The Supreme Court on Monday refused to grant bail to the Chief of Sahara Group, Shri Subroto Roy Sahara, and held that it will facilitate negotiations for Sahara to sell properties in India and abroad. Mr. Roy had prayed for release for a period of 40 days in order to finalize the sale of three overseas hotels owned by the Sahara Group. The Court nonetheless, allowed Mr. Roy to negotiate his business deals from a guest house in Delhi between 10 a.m. and 4 p.m. on the days it was required, provided he could come up with a concrete and satisfactory proposal. The Bench comprising of Justices TS Thakur, Anil R. Dave and AK Sikri further allowed the three offshore hotel properties owned by Saharas to be transferred, sold or encumbered subject to the condition that the entire sale consideration received by the Saharas after repayment of the loan outstanding towards the Bank of China is deposited with SEBI towards compliance with the directions contained in the conditional bail order dated 26/03/2014 passed by the Court. The excess amount, if any, was ordered to be deposited by the Saharas in a separate account to await orders from this Court regarding their utilization. Pursuant to passing the aforesaid judgment, the Bench requested Shri Shekhar Naphade, Senior Advocate, to assist the Court in the case as Amicus Curiae.
The Sahara Chief has been in jail for the past four months when he was initially taken into custody on March 4th for failure of two Sahara group companies in complying with the Supreme Court's order to return Rs. 24,000 Crores to investors. The money was collected by Sahara group companies through financial instruments that were later ruled illegal. The Apex Court had also previously ordered Sahara Group to furnish Rs. 10,000 Crores as bail for its chief. The Sahara-SEBI controversy has raised much controversy in recent times and has dominated headlines for the past two years when in 2012, the Supreme Court ordered Sahara to repay, with interest, all the investors who subscribed to bonds sold by two of its businesses, saying the company had not prescribed to SEBI rules for public issues and terming the entire process as "dubious". Ostensibly, Sahara firms had offered highly lucrative bonds to the investors with a promise of returning three times the face value after a time frame of 10 years. While Sahara reiterated that it had made payments towards most of the money, the Court and SEBI have disputed that.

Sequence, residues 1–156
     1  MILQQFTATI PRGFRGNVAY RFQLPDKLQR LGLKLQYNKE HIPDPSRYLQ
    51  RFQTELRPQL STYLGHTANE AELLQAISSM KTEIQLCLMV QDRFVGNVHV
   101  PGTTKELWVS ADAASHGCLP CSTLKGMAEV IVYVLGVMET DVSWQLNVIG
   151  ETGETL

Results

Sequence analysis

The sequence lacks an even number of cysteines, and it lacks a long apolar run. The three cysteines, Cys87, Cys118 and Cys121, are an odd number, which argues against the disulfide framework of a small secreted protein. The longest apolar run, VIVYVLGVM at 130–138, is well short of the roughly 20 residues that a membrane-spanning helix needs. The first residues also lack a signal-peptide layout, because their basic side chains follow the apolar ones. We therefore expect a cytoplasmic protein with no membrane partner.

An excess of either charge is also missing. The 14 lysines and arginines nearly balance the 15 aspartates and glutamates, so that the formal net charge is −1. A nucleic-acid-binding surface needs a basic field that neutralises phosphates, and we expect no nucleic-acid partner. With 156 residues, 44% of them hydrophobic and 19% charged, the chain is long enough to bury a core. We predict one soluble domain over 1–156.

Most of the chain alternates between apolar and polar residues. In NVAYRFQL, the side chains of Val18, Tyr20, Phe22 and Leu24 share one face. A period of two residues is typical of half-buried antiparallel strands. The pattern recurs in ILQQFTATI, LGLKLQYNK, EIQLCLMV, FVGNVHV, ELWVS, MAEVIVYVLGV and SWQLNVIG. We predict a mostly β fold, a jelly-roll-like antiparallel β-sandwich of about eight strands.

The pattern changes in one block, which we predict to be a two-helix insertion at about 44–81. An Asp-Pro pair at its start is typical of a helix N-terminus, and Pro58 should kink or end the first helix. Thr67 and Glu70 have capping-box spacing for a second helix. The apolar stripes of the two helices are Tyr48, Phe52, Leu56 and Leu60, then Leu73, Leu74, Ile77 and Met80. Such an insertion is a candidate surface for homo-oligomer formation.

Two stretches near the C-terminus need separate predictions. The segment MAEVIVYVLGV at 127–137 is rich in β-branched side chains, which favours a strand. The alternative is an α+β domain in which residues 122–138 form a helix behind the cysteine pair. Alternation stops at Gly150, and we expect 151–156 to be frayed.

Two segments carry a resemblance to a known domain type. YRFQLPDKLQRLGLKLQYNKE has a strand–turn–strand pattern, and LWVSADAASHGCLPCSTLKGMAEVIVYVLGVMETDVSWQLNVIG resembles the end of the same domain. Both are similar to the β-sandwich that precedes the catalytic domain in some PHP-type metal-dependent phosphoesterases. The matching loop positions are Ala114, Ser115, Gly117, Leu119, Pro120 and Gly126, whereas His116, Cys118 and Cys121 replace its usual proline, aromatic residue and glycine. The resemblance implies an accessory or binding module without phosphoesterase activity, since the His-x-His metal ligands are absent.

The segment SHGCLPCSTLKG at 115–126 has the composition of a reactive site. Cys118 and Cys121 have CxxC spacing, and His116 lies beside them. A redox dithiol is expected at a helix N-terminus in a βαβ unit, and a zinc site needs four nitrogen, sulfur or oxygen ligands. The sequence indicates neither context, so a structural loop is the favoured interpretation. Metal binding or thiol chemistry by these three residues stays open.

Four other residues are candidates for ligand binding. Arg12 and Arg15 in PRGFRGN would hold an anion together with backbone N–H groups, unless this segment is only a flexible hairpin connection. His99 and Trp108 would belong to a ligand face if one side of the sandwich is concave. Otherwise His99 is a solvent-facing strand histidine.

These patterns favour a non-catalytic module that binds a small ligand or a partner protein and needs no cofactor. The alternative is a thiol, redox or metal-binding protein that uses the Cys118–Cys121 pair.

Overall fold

The Supreme Court has adopted a tough stand on the issue from the time the questionable transactions came to light; wherein it had earlier rejected the conglomerate's multiple proposals to pay the money in installments. It had earlier allowed Sahara to raise Rs. 4,298 Crores by selling nine real estate properties in Amritsar, Ahmedabad, Chauma, Ajmer, Bhopal, Bhavnagar, Jodhpur, Pune and Vasai apart from allowing the Group to raise funds by de-freezing its bank deposits and other financial instruments to the tune of Rs. 2,500 crore. It had also recently said that Sahara's liability stood between a staggering Rs. 33,000 Crores and Rs. 35,000 Crores.
To add to the overflowing cup of woes for the conglomerate, the Income Tax Department has approached the Supreme Court with a tax demand worth Rs. 4,800 Crores against Sahara. The Sahara Group, headed by its now crestfallen Chief, has a net worth of $11 billion or around Rs. 66,000 Crores ($1=Rs. 60) and more than 36,000 acres of real estate.
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